New answers tagged

3

Sometimes diminished thirds are respelled to make reading easier, but here's why it can be important to call a diminished third a diminished third. This post contains three parts: 1) Helping to hear the intervals, 2) some examples of how they arise, and 3) some examples from compositions. Notice that in all cases (shown here, at least), the diminished third ...


5

You've picked an extreme example! Outside a theory test paper, a diminished 3rd is more likely to look like this. Maybe within a dom7+5 chord.


2

This may be a different perspective from other answers, but this fairly-influential study in patients with intractable epilepsy looked at the ability to distinguish note intervals in order to correlate the brain ares responsible for processing such things. They noted that with respect to timing of notes, there was a fundamental dissociation between metre and ...


1

You probably know the trick to connect each interval with the first motif (interval) of a song: e.g. dim 5th (respectively aug. 4th) => „Maria“ and minor 7th => „Somewhere“ (West Side Story) Each tone of a melody has a function by its tension, or may better, a tension by its function: tonic and dominant are stable, fa and ti are leading tones, la is ...


3

As Tim correctly says, it's an entirely different thing. Here's what I would recommend (i. e. what helped me): Practice sight-singing (i. e. singing from the score only if you are played the first note on an instrument). It's sort of an inverse problem but it helps immensely (and not only with transcribing). I bought a sight-singing book to practice with; ...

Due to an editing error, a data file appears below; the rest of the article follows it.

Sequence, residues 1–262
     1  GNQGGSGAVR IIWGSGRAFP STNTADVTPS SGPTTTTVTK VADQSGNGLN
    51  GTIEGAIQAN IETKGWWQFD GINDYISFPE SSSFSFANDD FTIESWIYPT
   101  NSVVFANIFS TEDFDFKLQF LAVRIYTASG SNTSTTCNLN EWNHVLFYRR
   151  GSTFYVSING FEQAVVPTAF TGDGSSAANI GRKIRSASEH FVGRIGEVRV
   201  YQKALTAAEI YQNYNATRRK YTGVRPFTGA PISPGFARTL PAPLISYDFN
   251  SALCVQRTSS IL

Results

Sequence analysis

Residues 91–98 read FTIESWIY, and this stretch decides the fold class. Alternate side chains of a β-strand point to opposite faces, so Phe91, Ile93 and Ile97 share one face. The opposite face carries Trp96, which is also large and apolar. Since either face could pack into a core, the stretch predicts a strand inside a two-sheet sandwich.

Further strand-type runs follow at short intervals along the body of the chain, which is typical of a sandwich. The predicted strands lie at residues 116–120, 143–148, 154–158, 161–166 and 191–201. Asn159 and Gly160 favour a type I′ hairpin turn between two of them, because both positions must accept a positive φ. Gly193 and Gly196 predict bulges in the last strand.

2

I think there's a big difference between hearing two notes (or more), and being able to play them on your instrument, and hearing those same notes and naming their intervals with no other reference. In fact, often, on guitar in particular, (but in reality on any instrument) we can hear a couple of notes, and instinctively hit the second one once the first ...


2

An interval is the distance between any two named pitches, regardless of context. So, F and G are a major second apart from each other no matter what context they appear in. In a melodic interval the notes sound consecutively. In a harmonic interval the notes sound simultaneously. In terms of their relationship to a tonic pitch, that is thought of less in ...


0

Your question: are the tones F and G referred to C an interval called the 4th respectively the 5th or can they also be related to each other? The answer is: yes! Interval means the difference - or better: the distance - to the root of the scale, but also to the root of the chord and even the distance between any two or more tones, sounding together as “...


0

Intervals are note specific. And not even pitch specific! Obviously an interval is the 'space' between two notes - but those two notes could be found in different keys, so can't be key specific. Example: (yours) F>G is M2. Both F and G are in key C, and key F. However, the key specific bit could be that certain notes are not in a particular key, or are ...


2

Western music theory evolved from trying to explain and describe tonal music. Tonal music uses the diatonic scale as its main musical device. In the diatonic scale, there are seven notes: do, re, mi, fa, sol, la, si and do again. The viewpoint that was initially used to describe this scale sees the large distances between do-re, re-mi, fa-sol, sol-la and la-...


Top 50 recent answers are included